Maxwell marched towards Lockwood Tower with the intention of extirpating the whole clan. Johnstone’s men beat an advance party and killed their leader. The survivors sought shelter in Lochmaben kirk. It was set on fire and those inside were forced to surrender.

This was a set back, but the Warden's main force still outmatched the Johnstones and their allies and they set up camp a few miles south of Lockwood Tower. A contingent from went to burn a Johnstone tower house at Lockerbie. The next morning the invading army formed itself on the banks of the river Dryfe between Lochmaben and Lockerbie and moved out.

Johnstone concealed most of his men on high ground overlooking his enemies on the river. He led a few horsemen down to provoke them. Maxwell's vanguard took the bait and attacked them. Johnstone retreated, luring them in a running battle into his ambush. His men swooped down, smashed their way through the protective advance party and fell upon the main army. Constricted by its position by the river, it was thrown into confusion and routed. The slaughter continued through the streets of Lockerbie.Survivors of Maxwell's men suffered terrible face wounds caused by slashes from their mounted enemies. These became known as Lockerbie Licks. Upwards of 700 men were killed.

Maxwell himself tried to surrender but the hand he raised in appeal was hacked off. One version has the coup de grace being delivered by the wife of Johnstone of Kirkton, less than a mile north of Lockerbie, who beats out his brains with the key to her tower. Sir James is said to have fixed Maxwell's head and his hand to the battlements of his tower.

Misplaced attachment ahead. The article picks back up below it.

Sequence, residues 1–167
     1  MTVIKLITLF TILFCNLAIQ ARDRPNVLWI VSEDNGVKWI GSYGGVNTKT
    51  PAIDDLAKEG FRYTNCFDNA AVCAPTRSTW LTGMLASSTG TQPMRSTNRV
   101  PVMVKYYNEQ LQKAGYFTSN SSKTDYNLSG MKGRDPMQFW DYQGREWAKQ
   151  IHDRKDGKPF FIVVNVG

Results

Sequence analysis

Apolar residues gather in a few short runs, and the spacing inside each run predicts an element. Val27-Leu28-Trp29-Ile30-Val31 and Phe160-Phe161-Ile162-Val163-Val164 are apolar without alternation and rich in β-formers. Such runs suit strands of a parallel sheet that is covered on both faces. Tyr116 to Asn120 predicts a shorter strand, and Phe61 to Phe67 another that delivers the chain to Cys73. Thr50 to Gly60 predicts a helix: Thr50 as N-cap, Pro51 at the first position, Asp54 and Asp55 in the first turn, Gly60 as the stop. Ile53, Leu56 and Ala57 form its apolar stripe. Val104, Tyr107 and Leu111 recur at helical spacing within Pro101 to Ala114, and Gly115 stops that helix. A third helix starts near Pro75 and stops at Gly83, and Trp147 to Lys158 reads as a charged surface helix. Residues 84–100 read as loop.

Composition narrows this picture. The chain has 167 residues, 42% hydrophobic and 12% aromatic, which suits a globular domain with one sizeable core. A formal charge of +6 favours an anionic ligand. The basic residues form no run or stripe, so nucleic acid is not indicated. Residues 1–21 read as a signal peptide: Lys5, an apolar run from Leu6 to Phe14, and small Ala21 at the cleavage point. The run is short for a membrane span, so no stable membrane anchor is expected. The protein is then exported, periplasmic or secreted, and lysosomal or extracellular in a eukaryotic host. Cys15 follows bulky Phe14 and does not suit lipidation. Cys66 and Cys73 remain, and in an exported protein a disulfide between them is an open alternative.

Since Maxwell was Warden of the West March and thus was representing the king, one would have thought that royal retribution would have swiftly followed. After all the battle took place only a decade before James succeeded to the throne of England as well as that of Scotland. But the extraordinary lawlessness of the Borders is shown by the appointment of Sir James Johnstone as Warden of the West March only four years later as commanding the only force capable of keeping any sort of order.

In April 1608, a meeting was arranged under truce between Sir James and the new Lord Maxwell to broker peace between the two families. Each man was only to take with him one attendant to minimise the risk of trouble. In spite of this a quarrel broke out between the two followers. Johnstone turned to sort it out; Maxwell drew a pistol and shot him in the back, killing him.

But James was now king of Great Britain and ruled on both sides of the border. Anarchy was being ruthlessly suppressed; those who perpetuated the traditional rieving culture were being hanged or deported en masse to Ireland. Maxwell was arrested, locked in Edinburgh Castle from where he escaped and fled abroad. He returned in 1612, was captured. On 21st May 1613 'John Lord Maxwell of Caerlaverock was taken from the tolbooth of Edinburgh to the market cross of the same, where, on a scaffold, he had his head chopped off his body for the slaughter of the Laird of Johnstone.'